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Int J Sports Med. 1997 Jul;18 Suppl 3:S216-24.

Different statistical models to analyze epidemiological observational longitudinal data: an example from the Amsterdam Growth and Health Study.

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  • 1EMGO Institute, Vrije Universiteit, Amsterdam, The Netherlands. JWR.TWISK.EMGO@MED.VU.NL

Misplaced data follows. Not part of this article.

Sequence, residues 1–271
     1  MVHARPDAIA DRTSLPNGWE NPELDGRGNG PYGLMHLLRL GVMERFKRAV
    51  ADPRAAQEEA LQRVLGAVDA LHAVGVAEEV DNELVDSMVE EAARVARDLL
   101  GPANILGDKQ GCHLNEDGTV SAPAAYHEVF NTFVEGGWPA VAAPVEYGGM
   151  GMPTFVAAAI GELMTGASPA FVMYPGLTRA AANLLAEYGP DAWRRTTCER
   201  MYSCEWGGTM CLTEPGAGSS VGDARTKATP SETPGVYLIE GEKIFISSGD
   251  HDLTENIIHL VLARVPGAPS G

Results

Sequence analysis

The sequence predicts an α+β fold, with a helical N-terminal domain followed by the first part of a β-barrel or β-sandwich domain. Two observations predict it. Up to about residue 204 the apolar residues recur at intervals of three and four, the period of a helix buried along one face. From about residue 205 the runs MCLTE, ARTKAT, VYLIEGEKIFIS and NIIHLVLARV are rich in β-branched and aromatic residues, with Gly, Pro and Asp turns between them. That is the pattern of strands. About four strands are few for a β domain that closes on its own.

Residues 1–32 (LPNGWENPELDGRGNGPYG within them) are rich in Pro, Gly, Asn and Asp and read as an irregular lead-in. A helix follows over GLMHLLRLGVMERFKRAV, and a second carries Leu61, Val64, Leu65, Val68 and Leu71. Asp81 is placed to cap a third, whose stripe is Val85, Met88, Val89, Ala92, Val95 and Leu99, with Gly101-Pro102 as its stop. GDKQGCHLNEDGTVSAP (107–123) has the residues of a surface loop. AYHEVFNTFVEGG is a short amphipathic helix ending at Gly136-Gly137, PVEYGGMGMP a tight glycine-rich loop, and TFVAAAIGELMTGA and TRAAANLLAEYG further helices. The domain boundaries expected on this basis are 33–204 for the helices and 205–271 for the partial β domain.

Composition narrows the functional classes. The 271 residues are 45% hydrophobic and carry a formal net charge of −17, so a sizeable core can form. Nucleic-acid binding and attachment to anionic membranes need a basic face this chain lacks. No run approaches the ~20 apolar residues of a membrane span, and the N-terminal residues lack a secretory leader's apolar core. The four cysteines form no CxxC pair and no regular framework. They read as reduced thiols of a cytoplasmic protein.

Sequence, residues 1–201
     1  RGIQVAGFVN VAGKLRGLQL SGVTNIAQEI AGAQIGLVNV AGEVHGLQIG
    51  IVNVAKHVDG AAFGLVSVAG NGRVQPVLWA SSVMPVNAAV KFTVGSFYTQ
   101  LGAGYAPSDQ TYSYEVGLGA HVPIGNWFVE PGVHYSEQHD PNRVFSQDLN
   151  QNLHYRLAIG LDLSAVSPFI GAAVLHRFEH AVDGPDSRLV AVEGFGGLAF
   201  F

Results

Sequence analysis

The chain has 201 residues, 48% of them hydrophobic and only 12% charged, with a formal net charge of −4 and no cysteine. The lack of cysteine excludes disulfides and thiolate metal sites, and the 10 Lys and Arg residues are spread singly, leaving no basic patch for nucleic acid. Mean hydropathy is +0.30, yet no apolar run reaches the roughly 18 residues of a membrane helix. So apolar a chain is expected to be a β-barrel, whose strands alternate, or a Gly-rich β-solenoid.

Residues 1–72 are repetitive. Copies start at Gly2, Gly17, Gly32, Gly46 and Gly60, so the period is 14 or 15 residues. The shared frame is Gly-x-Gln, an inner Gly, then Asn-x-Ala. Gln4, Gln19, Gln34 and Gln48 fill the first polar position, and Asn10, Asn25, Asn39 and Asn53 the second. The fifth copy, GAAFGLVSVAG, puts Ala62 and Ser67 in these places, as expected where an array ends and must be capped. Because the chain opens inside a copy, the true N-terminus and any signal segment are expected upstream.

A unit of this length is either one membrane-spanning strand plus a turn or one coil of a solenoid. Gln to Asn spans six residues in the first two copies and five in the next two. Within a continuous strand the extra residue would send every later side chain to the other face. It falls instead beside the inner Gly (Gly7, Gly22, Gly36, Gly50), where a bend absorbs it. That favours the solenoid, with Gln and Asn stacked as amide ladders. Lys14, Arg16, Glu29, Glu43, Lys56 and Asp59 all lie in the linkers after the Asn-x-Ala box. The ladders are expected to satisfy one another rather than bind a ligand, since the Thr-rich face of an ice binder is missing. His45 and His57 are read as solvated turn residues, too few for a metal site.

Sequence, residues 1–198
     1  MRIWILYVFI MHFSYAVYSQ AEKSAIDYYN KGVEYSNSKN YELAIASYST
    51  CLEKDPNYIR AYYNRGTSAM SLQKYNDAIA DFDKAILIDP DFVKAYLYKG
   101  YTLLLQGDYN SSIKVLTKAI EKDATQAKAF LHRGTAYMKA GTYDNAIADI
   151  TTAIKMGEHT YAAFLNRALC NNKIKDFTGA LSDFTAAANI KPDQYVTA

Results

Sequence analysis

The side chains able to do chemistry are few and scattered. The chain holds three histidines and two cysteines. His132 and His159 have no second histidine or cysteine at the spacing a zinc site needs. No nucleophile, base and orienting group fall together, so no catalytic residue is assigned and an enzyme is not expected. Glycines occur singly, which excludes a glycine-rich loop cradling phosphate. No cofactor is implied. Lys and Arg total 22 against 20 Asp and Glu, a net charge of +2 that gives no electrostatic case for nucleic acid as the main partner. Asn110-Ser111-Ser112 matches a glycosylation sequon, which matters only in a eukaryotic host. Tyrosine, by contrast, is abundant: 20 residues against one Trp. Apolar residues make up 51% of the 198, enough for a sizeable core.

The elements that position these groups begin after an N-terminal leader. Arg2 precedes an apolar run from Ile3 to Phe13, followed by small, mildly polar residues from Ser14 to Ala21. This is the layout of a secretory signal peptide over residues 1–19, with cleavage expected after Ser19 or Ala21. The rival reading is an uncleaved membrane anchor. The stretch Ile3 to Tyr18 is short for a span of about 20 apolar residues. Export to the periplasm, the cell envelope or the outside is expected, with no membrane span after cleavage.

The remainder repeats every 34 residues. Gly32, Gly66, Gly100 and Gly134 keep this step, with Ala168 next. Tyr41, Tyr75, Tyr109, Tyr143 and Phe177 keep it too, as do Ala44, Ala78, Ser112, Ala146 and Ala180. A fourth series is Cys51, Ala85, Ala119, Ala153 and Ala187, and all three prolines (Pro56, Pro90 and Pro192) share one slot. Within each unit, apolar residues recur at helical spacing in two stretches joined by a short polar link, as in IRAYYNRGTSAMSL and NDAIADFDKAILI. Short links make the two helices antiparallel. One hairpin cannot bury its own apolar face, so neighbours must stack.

With the development of new statistical techniques [such as generalized estimating equations (GEE)] it became possible to analyze longitudinal epidemiological relations, using all available longitudinal data. However, there are different possibilities in modeling longitudinal relations. In this paper four possible models were compared. (1) A simple model in which the actual values of the outcome and predictor variables were related (Y(it) = beta0 + beta1X(it)...); (2) A model with a time lag between outcome and predictor variables (Y(it) = beta0 + beta1X(it-1)...); (3) A model in which not the actual values, but changes in values between different time points were related ([Y(it)-Y(it-1)] = beta0 + beta1 [X(it)-X(it-1)]...); and (4) A first-order autoregressive model in which the actual value of the outcome variable at time point t is not only related to the actual value of the predictor variable at time point t, but also to the value of the outcome variable at t-1 (Y(it) = beta0 + beta1X(it) + beta2Y(it-1) +...). In this paper the use of the possible models was discussed by means of an example with data from the Amsterdam Growth and Health Study. In this longitudinal observational study six repeated measurements were carried out over a period of 15 years on subjects with an initial age of 13 years. It can be concluded that each model reflects different parts of the longitudinal relationships and the choice for a particular model must be based on logical considerations. However, in most cases epidemiologists should use the results of different models to obtain a more accurate answer to the particular epidemiological question.

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